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Aram Mailian: Structural Features and Identification of Allotropic Nanostructures in Carbon Tribolayers

posted 4 Aug 2016, 01:26 by info admin
Aram Mailian1,2, Zhozef Panosyan2, Yeremia Yengibaryan2, Manuel Mailian3 
1 Institute for Informatics, 1 P. Sevak str., 0014, Yerevan, Armenia
2 State Engineering University, 105, Teryan str. Yerevan, Armenia 
3 LTX-Credence Armenia, 2 Adonts str., 0014, Yerevan, Armenia

The carbon tribolayer (CTL) spontaneously developed within the boundary strata during rubbing of graphite bulk against the surface of insulating substrate, displays properties of a solid material fundamentally different those of bulk graphite. 
The optical absorption in as-obtained CTL exposes a resonance in ultraviolet (at 4.8 eV), which refers to excitonic transitions and is assumed to be a fingerprint of sp2 structure [1]. With step-by-step removal (peeling) of topmost layers of CTL the peak in absorption fades out whereas the absorption above ~5 eV progressively dominates the optical absorption spectrum. The latter is characteristic to sp3 carbon allotrope.
X-ray diffraction (XRD) study also reveals a crystalline structure on the CTL surface.  The XRD pattern has a (002) diffraction peak at 2=26.5510 emerging over a broad noise background.  No additional feature is observed. Such a pattern is characteristic of two-layer graphene [2]. With the removal of surface layer of CTL the peak on XRD pattern disappears leaving only the flat background. Evidently X-ray diffraction is enabled by a periodical crystalline structure on the CTL surface.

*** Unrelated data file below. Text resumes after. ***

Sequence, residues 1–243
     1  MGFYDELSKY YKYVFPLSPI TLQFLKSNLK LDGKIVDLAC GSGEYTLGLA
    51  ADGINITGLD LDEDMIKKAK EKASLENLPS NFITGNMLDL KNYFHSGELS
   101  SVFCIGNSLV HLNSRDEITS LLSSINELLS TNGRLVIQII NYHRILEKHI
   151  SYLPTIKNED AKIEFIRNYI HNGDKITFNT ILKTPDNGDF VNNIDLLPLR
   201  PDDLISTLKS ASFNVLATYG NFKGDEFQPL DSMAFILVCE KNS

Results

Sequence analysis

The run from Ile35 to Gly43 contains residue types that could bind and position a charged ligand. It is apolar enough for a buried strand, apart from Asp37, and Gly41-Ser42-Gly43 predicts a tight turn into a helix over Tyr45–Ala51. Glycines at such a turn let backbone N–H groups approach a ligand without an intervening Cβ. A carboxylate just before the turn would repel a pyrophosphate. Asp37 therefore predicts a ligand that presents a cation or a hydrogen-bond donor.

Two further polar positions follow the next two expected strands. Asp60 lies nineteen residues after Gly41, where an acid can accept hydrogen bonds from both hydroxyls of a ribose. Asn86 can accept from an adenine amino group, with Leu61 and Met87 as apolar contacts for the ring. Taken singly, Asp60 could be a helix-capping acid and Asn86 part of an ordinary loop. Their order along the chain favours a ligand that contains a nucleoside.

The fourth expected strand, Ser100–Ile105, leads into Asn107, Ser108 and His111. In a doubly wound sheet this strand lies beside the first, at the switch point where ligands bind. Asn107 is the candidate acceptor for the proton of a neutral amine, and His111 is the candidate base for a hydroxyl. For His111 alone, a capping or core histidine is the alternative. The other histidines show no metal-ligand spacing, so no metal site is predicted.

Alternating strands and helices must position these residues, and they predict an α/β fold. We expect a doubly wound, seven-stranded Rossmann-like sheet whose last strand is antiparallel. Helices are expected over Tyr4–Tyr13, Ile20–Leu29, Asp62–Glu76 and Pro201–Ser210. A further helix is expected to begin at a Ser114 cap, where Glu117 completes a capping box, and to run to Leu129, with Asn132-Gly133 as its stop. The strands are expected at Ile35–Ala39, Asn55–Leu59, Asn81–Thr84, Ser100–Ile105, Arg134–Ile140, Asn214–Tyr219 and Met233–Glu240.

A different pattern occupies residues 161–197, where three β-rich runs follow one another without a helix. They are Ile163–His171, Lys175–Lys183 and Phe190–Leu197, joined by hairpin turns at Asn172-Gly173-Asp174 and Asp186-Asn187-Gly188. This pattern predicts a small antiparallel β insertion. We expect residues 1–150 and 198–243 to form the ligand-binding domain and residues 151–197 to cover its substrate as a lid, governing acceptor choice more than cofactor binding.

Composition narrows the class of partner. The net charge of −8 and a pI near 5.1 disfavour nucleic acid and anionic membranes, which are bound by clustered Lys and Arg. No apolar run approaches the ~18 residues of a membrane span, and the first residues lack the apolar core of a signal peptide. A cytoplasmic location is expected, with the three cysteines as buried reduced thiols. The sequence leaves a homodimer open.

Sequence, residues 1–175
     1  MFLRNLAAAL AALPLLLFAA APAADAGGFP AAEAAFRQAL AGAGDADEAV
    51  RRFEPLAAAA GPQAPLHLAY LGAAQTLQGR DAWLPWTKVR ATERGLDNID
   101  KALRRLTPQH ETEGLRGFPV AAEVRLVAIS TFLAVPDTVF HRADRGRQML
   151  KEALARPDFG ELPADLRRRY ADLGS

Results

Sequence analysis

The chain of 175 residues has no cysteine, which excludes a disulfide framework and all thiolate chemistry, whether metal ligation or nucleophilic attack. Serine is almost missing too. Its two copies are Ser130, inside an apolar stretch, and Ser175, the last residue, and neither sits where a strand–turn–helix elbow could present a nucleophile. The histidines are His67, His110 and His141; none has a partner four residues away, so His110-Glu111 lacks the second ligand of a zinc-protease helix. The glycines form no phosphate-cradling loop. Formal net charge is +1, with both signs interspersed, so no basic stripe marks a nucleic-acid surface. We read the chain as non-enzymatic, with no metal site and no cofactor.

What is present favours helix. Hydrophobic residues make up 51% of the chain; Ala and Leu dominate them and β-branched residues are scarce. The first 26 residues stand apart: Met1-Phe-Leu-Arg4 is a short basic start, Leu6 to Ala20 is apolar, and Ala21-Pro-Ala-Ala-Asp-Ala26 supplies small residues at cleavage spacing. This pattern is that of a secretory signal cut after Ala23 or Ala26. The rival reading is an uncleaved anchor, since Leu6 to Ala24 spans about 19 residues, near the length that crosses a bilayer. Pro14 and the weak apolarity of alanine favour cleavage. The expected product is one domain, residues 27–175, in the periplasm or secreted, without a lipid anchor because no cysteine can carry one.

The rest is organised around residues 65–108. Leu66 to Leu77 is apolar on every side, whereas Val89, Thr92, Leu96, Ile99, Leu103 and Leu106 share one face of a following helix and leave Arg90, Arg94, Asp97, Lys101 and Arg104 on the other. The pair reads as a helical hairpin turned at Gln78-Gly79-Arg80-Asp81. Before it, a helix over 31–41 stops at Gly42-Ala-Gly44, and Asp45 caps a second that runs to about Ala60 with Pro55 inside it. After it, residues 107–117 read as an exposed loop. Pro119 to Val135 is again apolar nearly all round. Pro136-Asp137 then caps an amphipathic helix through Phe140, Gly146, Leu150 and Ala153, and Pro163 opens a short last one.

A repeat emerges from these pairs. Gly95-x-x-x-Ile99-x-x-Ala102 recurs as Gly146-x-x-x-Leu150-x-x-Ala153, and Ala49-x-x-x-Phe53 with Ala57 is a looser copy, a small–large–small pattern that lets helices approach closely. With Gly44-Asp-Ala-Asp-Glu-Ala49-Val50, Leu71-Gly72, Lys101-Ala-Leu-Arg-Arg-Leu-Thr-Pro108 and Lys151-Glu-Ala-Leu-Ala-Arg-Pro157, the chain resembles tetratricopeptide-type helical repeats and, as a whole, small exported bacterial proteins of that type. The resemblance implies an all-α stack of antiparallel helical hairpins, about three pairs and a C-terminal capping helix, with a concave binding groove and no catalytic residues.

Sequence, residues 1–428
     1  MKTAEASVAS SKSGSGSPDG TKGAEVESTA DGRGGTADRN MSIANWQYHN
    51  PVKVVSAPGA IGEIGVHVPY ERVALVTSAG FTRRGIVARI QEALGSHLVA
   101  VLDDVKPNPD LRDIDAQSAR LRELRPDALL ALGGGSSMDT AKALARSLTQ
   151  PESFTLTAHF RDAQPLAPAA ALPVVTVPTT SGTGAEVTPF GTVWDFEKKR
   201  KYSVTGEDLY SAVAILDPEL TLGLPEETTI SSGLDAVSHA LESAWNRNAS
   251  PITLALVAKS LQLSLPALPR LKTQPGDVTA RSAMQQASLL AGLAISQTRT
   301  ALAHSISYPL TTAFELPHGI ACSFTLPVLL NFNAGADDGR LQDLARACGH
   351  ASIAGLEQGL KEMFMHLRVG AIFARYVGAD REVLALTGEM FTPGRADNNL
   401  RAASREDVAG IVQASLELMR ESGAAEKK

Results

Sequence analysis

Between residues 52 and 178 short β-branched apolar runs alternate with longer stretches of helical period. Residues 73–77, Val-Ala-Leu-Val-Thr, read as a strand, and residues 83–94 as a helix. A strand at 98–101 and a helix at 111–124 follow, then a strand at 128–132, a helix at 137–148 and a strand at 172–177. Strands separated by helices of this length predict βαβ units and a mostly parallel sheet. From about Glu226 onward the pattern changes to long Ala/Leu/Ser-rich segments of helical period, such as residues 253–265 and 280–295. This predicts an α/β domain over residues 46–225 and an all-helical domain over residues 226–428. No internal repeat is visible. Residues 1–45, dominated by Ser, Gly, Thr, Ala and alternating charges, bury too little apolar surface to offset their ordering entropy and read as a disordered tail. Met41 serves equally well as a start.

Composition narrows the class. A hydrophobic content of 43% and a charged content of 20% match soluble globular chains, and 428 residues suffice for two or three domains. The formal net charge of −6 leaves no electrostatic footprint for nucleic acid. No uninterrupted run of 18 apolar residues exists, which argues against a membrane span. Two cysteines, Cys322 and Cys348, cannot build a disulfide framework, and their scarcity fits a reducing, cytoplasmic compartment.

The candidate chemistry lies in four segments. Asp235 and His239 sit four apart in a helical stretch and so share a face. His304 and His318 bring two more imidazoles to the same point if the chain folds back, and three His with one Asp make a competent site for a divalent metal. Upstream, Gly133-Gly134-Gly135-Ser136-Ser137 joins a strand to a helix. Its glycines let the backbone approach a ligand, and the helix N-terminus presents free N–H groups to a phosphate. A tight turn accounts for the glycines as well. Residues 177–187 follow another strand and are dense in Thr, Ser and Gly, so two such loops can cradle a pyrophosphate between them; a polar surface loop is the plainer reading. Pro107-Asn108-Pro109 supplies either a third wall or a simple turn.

In Raman spectra, the width and symmetrical line shape of 2D band, the equal peak intensity of G and 2D peaks, reveal that the observed features are characteristic to the crystal lattice of turbostratic sp2 carbon [3].  
Observed features in combination with other observations testify that the CTL is morphologically anisotropic through the layer thickness; sp2 phase of turbostratic bi-layer grapheme is formed at the top, and thicker sp3 allotrope sub-layer is formed beneath it. 

[1] K.F. Mak, et al. Sol. St. Comms. 152 (2012) 1341-1349.
[2] Z. Q. Li et al. Carbon 45, 8, (2007) 1686–1695.     
[3] M. S. Dresselhaus et al.  Phil. Trans. R. Soc. A (2010) 368, 5355–5377.

Aram Mailian is a senior researcher at the Institute for Informatics and at the Laboratory of Solar Engineering at State Engineering University, Yerevan, Armenia. He got his PhD degree in 1987 from Yerevan State University, Armenia. He is experienced in experimental investigation of surface properties of semiconductors, especially optical transitions at semiconductor surface. During recent years he deals with the carbon layers developed by rubbing.